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WWII Patch, AAF, AAF Navigation School, Selman Army Air Field, Monroe, LA #1

WWII Patch, AAF, AAF Navigation School, Selman Army Air Field, Monroe, LA  #1

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WWII US Army Air Force Squadron Patch #1
US AAF USAAF  Navigation / Navigator School, Selman Army Air Field, Monroe, LA
Looney Tunes Design - Daffy Duck
4 3/4 inches

Training future Navigators for Bomb Bombing Bomber Bombardment squadrons.

During World War II, the United States Army Air Force (USAAF) established numerous airfields in Louisiana for antisubmarine defense in the Gulf of Mexico and for training pilots and aircrews of USAAF fighters and bombers. Most of these airfields were under the command of Third Air Force or the Army Air Forces Training Command (AAFTC) (A predecessor of the current-day United States Air Force Air Education and Training Command). In addition, the Air Technical Service Command (ATSC) commanded a significant number of airfields in a support roles. It is still possible to find remnants of these wartime airfields. Many were converted into municipal airports, some were returned to agriculture and several were retained as United States Air Force installations and were front-line bases during the Cold War. Hundreds of the temporary buildings that were used survive today, and are being used for other purposes.

Army Air Forces Training Command
  AAF Southeast Training Center
     Selman Army Airfield, Monroe (Now: Monroe Regional Airport)
          329th Army Air Force Base Unit

During World War II, the Army Air Corps, later known as the Army Air Forces, operated a navigation training school in Monroe at Selman Field. Within three months, the field was a full fledged military establishment, consisting of the pre-flight school (bombardier-navigator) and the advanced navigator school. Selman Field continued to grow in size and stature and became the nations largest navigation training school during World War II.

During World War II, the United States Army Air Force Flying Training Command used the airport as a cadet training center beginning in August 1942.

The airport was named Selman Army Airfield, named after a Navy Pilot, Lieutenant Augustus J. Selman, U.S.N., a native of Monroe, LA, died at Norfolk, VA, on November 28, 1921, of injuries received in an airplane crash in the line of duty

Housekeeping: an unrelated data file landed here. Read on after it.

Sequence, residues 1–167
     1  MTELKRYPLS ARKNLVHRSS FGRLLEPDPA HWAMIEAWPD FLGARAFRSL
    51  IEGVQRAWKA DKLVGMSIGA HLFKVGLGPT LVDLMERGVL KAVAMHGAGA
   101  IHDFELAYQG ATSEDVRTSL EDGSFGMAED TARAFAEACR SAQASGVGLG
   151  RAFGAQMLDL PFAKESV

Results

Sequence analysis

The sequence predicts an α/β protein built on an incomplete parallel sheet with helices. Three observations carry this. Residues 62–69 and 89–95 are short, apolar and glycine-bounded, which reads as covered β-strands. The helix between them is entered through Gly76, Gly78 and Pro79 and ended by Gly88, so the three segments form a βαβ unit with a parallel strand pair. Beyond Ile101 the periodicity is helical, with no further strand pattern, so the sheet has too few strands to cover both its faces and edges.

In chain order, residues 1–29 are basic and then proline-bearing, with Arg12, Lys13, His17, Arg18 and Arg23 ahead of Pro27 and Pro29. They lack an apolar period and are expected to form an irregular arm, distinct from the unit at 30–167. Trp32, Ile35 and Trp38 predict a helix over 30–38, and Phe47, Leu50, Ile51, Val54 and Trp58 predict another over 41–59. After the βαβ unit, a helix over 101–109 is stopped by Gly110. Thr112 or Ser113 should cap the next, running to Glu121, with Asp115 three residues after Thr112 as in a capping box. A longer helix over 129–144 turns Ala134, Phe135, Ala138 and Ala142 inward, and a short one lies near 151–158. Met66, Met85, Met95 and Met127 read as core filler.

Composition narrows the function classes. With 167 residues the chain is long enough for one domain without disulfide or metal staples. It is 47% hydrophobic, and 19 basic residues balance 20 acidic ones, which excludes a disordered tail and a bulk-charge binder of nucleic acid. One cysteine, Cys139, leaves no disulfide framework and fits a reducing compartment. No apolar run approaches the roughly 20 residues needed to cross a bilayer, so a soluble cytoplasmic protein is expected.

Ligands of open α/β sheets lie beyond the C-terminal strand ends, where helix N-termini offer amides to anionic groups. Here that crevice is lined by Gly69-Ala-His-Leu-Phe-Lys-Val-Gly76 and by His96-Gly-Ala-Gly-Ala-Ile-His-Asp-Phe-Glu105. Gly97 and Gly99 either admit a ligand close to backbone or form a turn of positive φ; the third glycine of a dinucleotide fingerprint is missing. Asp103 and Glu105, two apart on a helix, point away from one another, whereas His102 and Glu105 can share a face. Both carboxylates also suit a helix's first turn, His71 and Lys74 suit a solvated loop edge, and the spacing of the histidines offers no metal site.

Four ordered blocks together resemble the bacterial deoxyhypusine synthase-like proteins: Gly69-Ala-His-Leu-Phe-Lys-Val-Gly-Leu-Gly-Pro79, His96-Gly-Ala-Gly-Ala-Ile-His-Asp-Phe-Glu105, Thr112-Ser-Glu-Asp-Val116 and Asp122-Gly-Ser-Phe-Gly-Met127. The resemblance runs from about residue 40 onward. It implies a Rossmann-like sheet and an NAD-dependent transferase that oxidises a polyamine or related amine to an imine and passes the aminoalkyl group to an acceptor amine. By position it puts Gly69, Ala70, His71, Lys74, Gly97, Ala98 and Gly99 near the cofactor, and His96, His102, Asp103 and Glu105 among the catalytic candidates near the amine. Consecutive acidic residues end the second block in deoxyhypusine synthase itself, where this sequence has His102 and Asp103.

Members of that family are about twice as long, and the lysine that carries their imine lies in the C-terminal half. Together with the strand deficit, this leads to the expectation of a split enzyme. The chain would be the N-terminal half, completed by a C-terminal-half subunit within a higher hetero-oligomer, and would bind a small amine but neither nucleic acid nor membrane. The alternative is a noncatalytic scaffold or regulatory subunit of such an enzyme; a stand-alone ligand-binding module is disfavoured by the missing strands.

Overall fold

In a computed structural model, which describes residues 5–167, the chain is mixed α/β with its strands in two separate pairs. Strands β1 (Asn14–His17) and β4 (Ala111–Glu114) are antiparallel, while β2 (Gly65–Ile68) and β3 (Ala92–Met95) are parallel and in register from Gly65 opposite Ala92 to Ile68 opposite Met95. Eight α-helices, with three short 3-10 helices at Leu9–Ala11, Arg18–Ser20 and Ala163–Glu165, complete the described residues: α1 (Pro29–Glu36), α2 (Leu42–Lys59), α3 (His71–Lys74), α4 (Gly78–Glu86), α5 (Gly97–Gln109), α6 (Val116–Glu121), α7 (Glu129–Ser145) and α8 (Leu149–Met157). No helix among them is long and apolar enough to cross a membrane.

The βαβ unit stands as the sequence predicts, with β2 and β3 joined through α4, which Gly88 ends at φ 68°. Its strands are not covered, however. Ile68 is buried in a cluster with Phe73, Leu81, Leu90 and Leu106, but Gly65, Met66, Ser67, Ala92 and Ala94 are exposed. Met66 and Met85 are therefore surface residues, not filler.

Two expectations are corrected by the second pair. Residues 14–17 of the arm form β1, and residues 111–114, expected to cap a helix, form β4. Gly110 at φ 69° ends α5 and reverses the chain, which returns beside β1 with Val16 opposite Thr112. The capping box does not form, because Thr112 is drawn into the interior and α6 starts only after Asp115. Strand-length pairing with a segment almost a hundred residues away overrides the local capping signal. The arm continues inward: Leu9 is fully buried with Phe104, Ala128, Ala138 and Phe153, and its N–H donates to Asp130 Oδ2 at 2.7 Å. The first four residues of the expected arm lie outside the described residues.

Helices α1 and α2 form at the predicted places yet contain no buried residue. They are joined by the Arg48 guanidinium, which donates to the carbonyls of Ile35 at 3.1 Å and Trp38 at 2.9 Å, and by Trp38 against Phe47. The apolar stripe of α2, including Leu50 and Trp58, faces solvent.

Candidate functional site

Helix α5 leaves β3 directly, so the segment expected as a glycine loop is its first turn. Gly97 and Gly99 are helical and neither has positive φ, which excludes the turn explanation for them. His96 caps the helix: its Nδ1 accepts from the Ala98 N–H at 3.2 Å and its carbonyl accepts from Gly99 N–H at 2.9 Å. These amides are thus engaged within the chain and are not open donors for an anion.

The Army Air Force Pre-Flight School (Bomber-Navigation) transferred to Selman AAF from Maxwell Field, Alabama. The remaining elements of the Advanced Navigation School arrived from Turner Field, Georgia on September 14. Selman Field was the largest navigation school in the United States in its time and the nation's only complete navigation course—from start to finish—during World War II. Of the hundreds of fields that were operated by the Army Air Forces, it was only at Selman that a cadet could get his entire training—pre-flight and advanced—and wind up with a commission and navigators wings without ever leaving the field. Over 15,000 navigators were trained at Selman Field, who flew in every theater of operations during the war.

In May of 1942, Colonel Norris B. Harbold came to Monroe as project officer of the Army Air Forces Navigation School which was to be located at Monroe. The plans were drawn, specifications made, and blueprints approved in the six weeks that followed.

On June 15, the field was activated--given the paper status of a full-fledged military establishment--and Colonel Harbold was named Commanding Officer.

Within three months the post was to be in full operation, with two schools transferred to Monroe and thousands of navigation cadets undergoing the complex and exacting training of their specialty.

On August 8th, the first meal was served on the post in a partly completed mess hall. Forty enlisted men moved out to the post that night and a living military organization began to grow within the gates.

On August 11, a motor convoy from Turner Field, Albany, GA, brought the cadres of the first squadrons of ground troops to the post.